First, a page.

A leader is pondering, what is the best way to approach my staff about sustainability? How do I create a vision that others will share with me, so I am not a lone wolf, howling in a wilderness of cubicles?
Part of this question is answered by the qualities that the leader actually possesses. Talking about sustainability or any other change won’t be effective unless the change agent is trusted by the people she is trying to influence.
Influence, by the way, whether you have authority in an organization or not, is the only capital that really works to create long-term, behavioral change. Letting go of any ideas you may have about being able to enforce a change is helpful in this process – after all, as a colleague of mine, John Springer says -
You can lead by Inspiration, or Desperation. Which do you choose?
But back to strategies for change. We will talk more about leadership later.
The Fifth Discipline Fieldbook by Peter Senge et al., (a classic work on systems thinking in organizational development) makes the point that leaders want to create the commitment and focus that a shared vision can bring to an organization. Building a Shared Vision can do just that.
Bryan Smith’s article in The Fifth Discipline Fieldbook discusses 5 starting points for building shared vision. He notes that different organizations should start at different places, given the practical realities of where different companies are. (The following is a direct excerpt from his article, on p.314.)
1. Telling: The “boss” knows what the vision should be, and the organization is going to have to follow it;
2. Selling: The “boss” knows what the vision should be, but needs the organization to “buy in” before proceeding;
3. Testing: The “boss” has an idea about what the vision should be, or several ideas, and wants to know the organization’s reactions, before proceeding;
4. Consuliting: The “boss” is putting together a vision, and wants creative input from the organization before proceeding;
5. Co-creating: The “boss” and “members” of the organization, through a collaborative process, build a shared vision together.
He makes the point that before proceeding, you should objectively assess where your company is, and then make a plan for how to move to the next stage.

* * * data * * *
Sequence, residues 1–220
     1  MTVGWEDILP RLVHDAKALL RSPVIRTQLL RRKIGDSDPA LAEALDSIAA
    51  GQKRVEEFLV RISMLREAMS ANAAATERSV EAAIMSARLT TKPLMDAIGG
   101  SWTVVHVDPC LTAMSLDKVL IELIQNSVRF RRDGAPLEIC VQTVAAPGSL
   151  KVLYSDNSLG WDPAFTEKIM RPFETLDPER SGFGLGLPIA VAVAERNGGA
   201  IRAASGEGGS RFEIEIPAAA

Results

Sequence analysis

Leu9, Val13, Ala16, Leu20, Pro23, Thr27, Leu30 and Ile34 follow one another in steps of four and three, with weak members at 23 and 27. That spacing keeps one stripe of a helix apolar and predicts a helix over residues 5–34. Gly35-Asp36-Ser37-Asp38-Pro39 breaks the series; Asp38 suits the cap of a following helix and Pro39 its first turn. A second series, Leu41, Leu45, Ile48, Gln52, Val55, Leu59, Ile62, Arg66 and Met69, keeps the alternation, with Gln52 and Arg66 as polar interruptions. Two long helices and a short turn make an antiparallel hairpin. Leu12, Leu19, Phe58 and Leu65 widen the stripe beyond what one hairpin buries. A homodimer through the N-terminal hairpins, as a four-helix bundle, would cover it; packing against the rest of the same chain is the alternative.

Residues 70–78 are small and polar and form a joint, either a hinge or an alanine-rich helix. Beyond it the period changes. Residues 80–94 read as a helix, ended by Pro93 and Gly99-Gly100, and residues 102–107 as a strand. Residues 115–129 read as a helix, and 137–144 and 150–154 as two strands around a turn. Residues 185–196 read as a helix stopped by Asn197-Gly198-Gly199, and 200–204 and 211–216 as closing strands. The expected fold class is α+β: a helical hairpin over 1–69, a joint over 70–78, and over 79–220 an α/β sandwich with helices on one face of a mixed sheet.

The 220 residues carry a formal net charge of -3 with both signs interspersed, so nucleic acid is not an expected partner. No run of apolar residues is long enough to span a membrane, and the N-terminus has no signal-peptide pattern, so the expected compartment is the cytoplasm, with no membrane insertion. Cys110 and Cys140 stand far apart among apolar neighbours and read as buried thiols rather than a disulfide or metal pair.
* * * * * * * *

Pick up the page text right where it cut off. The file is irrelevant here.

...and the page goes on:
Figuring out Where You Should Start – A Case Study
I have a client who is transitioning from one leader to another leader. The old leader had a fairly traditionalist model; he asked people to do what they should do, and expected that they follow through with what he asked them to.
The new leader had a very different idea; while he wasn’t entirely sure how, he knew that he wanted his staff to work as a team; to be self-motivated to improve the company. We started with an executive team teambuilding, and from there, discussed how to help his whole company work differently.
He had a vision of teamwork – but had to go about it differently depending on who in the company he was working with. With his executive team, we had spent three days together building trust and respect, co-creating a vision for the company, agreeing on strategy. We then spent many months working together as a team over time. With them, he used a combination of testing, consulting, and co-creating. The Executive Team wanted strong leadership from him, as they had received in the past, but still usually wanted to consult – a significant change from how it had been in the past. But as the Executive Team itself became stronger, they also became stronger, more creative leaders with their own staff, and likewise more attached to co-creating together as an Executive Team. Now, they negotiate about when they will co-create, when they will consult with the leader, and when the leader will test with them, but reserve the right to make the decision.
But the company leader also wanted to change how the rest of his staff would work together. And the rest of the company was more accustomed to a strong authority figure who governed mostly through telling, as opposed to a leader who was willing to share some of his authority in exchange for increased creativity and commitment on their part. For his staff, this leader spends some time telling, a lot of time selling, and has been making inroads to testing and consulting, with specific individuals or committees, at specific times. Quite a bit of his tactic has been to negotiate the boundaries of collaboration over time, so that both he and the company get what they need to keep the company running. Some initiatives have worked well; some are still a work-in-progress.
So, how does this translate to creating a successful change initiative?
As a change agent, depending on the authority you have, you will have to assess for yourself who is ready for co-creating, and who is not. There are many factors that influence how someone is ready – the level of trust, the expectations and history between the parties, how willing the different parties are to negotiate their needs. It is a risky thing for a leader to allow his authority to be handed over to the decision of the group. In fact, in this case, there was a point when the Executive Team and Company Leader handed its authority over too quickly, without thorougly laying out the boundaries of what they needed to make sure the company stayed on track as a whole. Everyone ended up unsatisfied with the results, and the leaders had to back-track to telling. Fortunately, enough trust and respect had been built up at that point that the loss wasn’t nearly as significant as it would have been the year before.
Both the leader and the group have to be ready for co-creating. Both have to be practiced at asking for what they need, as well as giving in return.
However, there are ways to fast-track to co-creating a vision. Next posting – how do you create a vision? And how can you fast-track it to achieve long-term commitment and focus?